GLOVERSVILLE – When the Gloversville Public Library reopened in 2018 following a $9.1 million renovation, the contents of the Local History Room still sat in boxes.
To prepare for the construction phase of the renovation, the contents of the room had to be packed away, and once the library reopened, the staff had to get used to operating a facility with three times the public space, said Christine Pesses, a Gloversville Public Library Board Trustee.
“We were understaffed and just trying to figure out this much larger facility. When you go from one floor with public access to three and a half floors, it’s a big change,” Pesses said. “The Local History Room really had to wait.”
On Saturday, the wait is over. The new Local History Room is now open after volunteers–guided by professional state archivists–spent the last six months organizing the extensive collection to get it ready once again for public use.
The opening of the Local History Room marks one of the final chapters in the decade-long renovation project, which was paid for through a combination of grants and private donations.
On Friday, library leaders, community members, politicians, state officials and others celebrated the opening of the Local History Room as well as the library’s prestigious 2021 New York State Preservation Award. One of just 10 recipients to be bestowed with the honor last year, the award recognizes the library for excellence in historic rehabilitation for the recently completed work transforming the 1904 Carnegie library.
“One hundred and eighteen years after construction, this library and your diligent and long-serving efforts are being recognized for an excellence in historic rehabilitation–work that has rehabilitated, transformed and modernized this library with full respect for its historic character,” said Daniel Mackay, New York State deputy commissioner for Historic Preservation.
The renovation included everything from the addition of an elevator, structural supports and air conditioning to finishing the once dank basement to outfitting the Carnegie Room with tools for those with hearing differences.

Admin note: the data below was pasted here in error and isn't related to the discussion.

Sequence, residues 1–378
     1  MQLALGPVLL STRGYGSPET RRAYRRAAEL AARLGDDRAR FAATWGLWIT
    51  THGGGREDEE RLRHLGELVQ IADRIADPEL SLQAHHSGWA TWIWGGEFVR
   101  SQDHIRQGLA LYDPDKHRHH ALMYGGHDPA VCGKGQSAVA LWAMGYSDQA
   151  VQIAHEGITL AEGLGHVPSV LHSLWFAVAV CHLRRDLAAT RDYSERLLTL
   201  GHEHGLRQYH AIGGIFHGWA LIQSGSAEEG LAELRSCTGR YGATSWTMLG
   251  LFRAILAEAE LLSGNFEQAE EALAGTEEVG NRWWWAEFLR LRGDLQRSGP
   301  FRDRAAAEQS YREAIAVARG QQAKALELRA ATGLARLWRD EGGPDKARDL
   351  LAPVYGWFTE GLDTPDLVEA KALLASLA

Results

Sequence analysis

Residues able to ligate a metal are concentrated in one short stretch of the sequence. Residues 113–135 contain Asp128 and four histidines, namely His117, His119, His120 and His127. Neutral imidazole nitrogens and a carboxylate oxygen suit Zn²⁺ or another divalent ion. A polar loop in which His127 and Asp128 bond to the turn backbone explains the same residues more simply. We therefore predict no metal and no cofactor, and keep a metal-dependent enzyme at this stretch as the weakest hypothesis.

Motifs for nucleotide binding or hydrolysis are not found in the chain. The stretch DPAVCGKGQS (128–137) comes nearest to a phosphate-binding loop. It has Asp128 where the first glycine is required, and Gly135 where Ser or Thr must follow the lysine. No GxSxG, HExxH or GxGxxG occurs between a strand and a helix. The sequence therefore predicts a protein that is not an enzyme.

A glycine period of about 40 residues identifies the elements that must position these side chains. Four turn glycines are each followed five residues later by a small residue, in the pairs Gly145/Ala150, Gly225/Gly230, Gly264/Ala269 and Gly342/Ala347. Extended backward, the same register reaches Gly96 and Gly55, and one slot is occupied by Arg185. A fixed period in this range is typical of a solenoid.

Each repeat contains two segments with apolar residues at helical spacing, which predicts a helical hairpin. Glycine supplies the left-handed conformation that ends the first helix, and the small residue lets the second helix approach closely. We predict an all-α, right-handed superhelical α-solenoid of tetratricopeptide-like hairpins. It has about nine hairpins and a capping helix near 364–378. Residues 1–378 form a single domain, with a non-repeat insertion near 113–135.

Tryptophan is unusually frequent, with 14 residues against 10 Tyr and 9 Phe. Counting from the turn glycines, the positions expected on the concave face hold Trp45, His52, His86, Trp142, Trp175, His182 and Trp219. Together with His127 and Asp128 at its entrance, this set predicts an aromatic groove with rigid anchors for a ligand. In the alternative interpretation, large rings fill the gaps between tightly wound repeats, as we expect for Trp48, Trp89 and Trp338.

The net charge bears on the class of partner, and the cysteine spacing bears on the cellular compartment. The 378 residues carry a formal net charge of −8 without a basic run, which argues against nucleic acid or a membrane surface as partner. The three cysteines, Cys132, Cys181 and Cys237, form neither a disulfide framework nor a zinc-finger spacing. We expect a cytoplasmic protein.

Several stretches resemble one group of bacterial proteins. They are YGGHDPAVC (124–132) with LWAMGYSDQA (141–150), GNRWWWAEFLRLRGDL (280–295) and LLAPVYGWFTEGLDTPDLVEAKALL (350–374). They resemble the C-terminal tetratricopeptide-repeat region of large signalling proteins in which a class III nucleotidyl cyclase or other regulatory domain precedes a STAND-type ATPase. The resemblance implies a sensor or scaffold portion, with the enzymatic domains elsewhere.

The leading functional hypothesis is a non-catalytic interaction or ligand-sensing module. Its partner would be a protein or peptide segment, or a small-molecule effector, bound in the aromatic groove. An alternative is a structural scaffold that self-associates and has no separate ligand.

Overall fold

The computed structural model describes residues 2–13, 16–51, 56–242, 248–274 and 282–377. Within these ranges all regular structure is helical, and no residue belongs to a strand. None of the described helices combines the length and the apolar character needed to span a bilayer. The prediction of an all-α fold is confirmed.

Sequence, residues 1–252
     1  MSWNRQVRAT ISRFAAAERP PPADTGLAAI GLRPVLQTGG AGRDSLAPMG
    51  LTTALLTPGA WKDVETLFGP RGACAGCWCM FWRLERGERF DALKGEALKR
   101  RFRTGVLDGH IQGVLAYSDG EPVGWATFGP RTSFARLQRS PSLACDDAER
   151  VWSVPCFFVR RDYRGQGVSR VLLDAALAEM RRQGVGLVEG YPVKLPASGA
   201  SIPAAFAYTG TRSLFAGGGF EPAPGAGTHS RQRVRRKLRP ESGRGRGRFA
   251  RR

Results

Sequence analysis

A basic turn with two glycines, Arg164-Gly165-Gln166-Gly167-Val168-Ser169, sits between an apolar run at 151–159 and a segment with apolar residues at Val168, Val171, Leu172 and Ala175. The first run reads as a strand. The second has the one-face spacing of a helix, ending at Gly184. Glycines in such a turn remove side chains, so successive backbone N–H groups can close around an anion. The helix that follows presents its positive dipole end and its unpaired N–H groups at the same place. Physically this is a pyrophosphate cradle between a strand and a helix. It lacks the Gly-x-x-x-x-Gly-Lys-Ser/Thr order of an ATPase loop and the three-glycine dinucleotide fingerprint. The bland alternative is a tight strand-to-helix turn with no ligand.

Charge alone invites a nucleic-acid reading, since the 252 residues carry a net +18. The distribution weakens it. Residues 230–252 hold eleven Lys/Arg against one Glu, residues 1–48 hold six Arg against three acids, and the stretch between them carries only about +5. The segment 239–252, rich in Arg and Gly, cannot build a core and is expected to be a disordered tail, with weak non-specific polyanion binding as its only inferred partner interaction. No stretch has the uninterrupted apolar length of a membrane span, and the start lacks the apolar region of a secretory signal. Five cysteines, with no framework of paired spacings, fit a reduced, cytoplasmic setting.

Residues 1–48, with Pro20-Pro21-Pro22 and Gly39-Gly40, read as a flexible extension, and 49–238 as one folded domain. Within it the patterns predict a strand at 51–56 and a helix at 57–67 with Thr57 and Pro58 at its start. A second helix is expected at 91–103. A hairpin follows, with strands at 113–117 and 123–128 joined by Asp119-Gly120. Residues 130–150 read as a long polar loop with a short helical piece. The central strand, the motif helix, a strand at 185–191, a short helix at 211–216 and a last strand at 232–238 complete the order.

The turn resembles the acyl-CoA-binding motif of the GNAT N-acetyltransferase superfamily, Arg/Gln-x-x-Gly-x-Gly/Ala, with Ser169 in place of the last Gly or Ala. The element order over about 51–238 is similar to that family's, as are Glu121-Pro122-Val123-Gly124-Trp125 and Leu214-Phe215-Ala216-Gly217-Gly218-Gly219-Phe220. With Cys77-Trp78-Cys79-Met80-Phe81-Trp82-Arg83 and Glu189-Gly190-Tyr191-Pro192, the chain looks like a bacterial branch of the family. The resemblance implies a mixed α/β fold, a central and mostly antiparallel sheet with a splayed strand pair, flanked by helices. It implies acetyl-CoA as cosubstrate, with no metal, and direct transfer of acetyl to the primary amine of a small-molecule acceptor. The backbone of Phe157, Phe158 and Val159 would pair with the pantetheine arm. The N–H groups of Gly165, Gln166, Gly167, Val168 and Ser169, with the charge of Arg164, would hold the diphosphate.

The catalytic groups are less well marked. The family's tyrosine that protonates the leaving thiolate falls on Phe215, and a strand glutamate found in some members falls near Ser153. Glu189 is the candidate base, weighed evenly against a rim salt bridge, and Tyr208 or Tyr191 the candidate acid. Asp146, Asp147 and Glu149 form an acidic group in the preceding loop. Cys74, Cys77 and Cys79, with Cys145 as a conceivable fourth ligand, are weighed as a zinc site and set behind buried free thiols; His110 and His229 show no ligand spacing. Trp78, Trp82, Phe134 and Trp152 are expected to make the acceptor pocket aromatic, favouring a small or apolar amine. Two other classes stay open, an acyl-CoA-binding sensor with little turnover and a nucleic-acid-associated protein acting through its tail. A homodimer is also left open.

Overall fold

“That’s a big task. You have honored this building. You have stewarded this building as well as the library mission so effectively, and I think the agency recognized the effort and the obligation that you felt to honor and recommit to the 1904 gift from Andrew Carnegie,” Mackay said during Friday’s ceremony.
Of the nearly 1,700 libraries that Carnegie funded in the U.S. between 1883 and 1929, 106 were in New York state, including the libraries in Gloversville and Johnstown, Mackay said.
The Gloversville library’s Local History Room, which can be visited on Saturdays and by appointment on Tuesdays and Thursdays–is a treasure trove of materials pertinent to the history of Gloversville, Fulton County, the Mohawk Valley and the Capital District. It contains documents ranging from Fulton County cemetery records, Gloversville High School yearbooks and local newspapers on microfilm to old atlases of the Mohawk Valley and genealogy resources.
The room is of personal importance to Thomas Ruller, State Archivist at the New York State Department of Education.
A Gloversville native, Ruller first visited the Gloversville library as a first grader in 1970. He still remembers the book he checked out – Katy and the Big Snow.
Throughout his life, the library played a central role, with the former Local History Room taking on added significance. Even as a teenager looking at old documents in the room, it was not lost on him that if, say, the writing on a tombstone had eroded, the only records of someone’s life were in files he could find inside the Local History Room. He said his time spent in that room and in the library itself paved the way toward his career as an archivist.
So when he found out that members of the state archivist team that he now leads would be helping advise the reopening of Gloversville’s Local History Room, he was tickled–even after his team texted a photo of him that they found in his old high school yearbook.
“It’s making the connection from where you were to where you are,” Ruller said.
The opening of the new Local History Room helps ensure the story continues, Ruller said.
“Having the Local History Room reopened means that researchers will now be able to explore these resources, add to them and make sure that the story of Gloversville can continue to be told,” Ruller said.
Several speakers and audience members spoke generally about the importance of libraries and specifically about the importance of the Gloversville library.
Gloversville Mayor Vincent DeSantis said he’s been coming to the library since he was a kid, when the tradition was to spend Saturdays picking out books before heading to the YMCA.
But the mayor said it’s only been within the past few years that he’s recognized the full scope of what the library means to other people. That’s because DeSantis said a lot of new faces have moved to Gloversville over that period, and part of the introductory process is that the mayor hand delivers welcome packets and chats with new residents.
“I ask, ‘What brought you to Gloversville?’” DeSantis said during Friday’s ceremony. “And a significant number say, ‘I saw the beautiful library, and I knew this was a place where I wanted to live.’”
Andrew Waite can be reached at [email protected] and at 518-417-9338. Follow him on Twitter @UpstateWaite.